My stressed mind didn’t process that last part, I think on purpose. Which was a huge blessing, because crying in the office would not have helped my case.

I responded, “I am aware of the risks of surgery, but I’m not sure what to do here, because the reality is we can’t afford another 4 months of the Lupron.”

She then asked me some questions about our insurance, how much our copay was for lupron, and what pharmacy it came through. Then explained she might be able to look into how the script is processed to see if it can come through in a cheaper way. Trust me, if I understood anything more about that I would explain it better. But it boiled down to this:

“I will see if we can’t get the lupron a little cheaper for you so you can finish the 6 months. And in that time you can lose weight so surgery is a safer option.”

I smiled and nodded as if she had asked me to do something simple like take a vitamin. As if it was that easy.

When I got in the car my emotions broke through. I felt ignored, like a child, and judged. My wants for my own medical care were being tossed aside. And when all was said and done the excuse she left off with was, I’m too fat.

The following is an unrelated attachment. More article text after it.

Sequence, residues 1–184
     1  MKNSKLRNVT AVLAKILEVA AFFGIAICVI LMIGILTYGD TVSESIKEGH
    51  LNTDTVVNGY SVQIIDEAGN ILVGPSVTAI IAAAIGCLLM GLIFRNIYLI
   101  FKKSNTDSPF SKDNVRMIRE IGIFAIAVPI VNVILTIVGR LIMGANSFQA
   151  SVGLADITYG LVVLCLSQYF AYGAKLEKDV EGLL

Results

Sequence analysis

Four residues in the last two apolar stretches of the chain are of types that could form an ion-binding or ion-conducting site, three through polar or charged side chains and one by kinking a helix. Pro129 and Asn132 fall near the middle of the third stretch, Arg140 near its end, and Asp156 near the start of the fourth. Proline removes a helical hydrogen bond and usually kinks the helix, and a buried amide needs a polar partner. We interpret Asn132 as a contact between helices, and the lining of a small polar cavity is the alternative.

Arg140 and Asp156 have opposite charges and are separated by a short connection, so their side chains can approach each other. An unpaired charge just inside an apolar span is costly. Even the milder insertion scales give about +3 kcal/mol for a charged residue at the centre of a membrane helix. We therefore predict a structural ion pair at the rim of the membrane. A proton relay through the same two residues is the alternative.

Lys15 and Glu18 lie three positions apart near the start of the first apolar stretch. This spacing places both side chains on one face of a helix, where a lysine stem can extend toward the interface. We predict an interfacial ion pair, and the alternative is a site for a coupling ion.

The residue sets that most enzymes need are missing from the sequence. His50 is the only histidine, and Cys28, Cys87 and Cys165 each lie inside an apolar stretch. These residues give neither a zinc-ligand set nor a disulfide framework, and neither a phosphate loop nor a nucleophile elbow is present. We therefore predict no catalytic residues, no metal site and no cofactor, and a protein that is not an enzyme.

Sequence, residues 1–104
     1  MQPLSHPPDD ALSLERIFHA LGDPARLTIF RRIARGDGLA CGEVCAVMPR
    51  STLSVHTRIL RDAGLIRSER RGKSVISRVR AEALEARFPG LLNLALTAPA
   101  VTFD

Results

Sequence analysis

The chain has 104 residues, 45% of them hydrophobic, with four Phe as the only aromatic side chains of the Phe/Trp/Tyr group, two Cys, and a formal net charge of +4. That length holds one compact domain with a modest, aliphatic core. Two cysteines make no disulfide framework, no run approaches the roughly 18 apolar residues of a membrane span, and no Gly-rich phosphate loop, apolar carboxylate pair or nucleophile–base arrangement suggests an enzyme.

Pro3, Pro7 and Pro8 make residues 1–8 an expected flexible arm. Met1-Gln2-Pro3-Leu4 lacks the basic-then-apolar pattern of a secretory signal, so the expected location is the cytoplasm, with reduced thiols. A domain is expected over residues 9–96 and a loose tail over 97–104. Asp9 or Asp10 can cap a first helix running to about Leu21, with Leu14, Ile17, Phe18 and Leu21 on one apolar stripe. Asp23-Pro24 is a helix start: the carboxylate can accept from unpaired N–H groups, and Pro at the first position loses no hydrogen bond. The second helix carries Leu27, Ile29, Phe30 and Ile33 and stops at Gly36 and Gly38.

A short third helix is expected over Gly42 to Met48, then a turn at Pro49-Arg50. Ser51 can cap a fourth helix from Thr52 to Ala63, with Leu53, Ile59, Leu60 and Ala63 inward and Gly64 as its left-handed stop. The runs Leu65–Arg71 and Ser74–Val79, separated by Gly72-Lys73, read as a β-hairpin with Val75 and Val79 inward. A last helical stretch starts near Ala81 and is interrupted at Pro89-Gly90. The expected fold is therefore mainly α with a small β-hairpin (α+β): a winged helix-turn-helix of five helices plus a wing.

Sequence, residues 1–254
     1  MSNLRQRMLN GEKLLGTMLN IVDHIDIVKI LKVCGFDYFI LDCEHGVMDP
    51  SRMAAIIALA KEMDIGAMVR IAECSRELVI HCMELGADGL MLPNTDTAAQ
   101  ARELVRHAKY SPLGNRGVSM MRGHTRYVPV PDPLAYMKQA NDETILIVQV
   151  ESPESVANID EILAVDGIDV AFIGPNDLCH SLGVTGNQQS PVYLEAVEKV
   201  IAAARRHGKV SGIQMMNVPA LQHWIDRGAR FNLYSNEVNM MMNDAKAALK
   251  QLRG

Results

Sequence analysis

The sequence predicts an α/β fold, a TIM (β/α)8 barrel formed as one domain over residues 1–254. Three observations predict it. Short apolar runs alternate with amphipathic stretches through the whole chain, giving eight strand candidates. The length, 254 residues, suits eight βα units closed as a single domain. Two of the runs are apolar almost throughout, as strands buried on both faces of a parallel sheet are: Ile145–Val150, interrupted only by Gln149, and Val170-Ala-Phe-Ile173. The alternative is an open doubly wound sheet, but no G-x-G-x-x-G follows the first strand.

Funny. I wasn’t too fat for my ob/gyn who already said she had no problems doing a hysterectomy for me. I wasn’t too fat when I had my endometriosis cauterized. I wasn’t too fat for my c sections. I wasn’t too fat for my gall bladder removal. Not one of those surgeons had expressed concern about my weight to me. And I guess weight loss surgery is ok for the obese folk but not hysterectomies? It was like she was treating this as an elective surgery instead of a valid option of treatment. It seemed to me that she was dangling the carrot; asking me to do something she knew was unlikely so she could hide her real excuse of disagreeing with my decision to be done having kids.

She got to me. It’s hard to admit that. That night I tried to skip dinner. Because there’s still that part of me that sometimes believes hunger is good and fullness is bad –that never quite being satisfied is a victory. And she awoke that part of me. Thankfully I confided in Max about what I was feeling, and he got me food and watched me eat it.

But it scared me. It was so easy to fall back into that disordered thinking because I could justify it with, “it’s the doctor’s orders.”

My perfect blood pressure didn’t matter. My perfect cholesterol didn’t matter. My perfect metabolic blood panel didn’t matter. My high activity level didn’t matter. All that mattered in that office was the number of pounds scribbled on my chart.

I couldn’t even be mad that she disregarded my personal conclusion that not having more kids was best for my body, because I was too overwhelmed by the despair of being shoved into a box of “too fat for healthcare.”

No, it’s not the first time I’ve been stigmatized in a doctor’s office because of my weight. But it was the first time I was denied a procedure or other medical care because of it.

But this fat girl will get her medical care despite the prejudices of a thin obsessed society. Don’t you worry.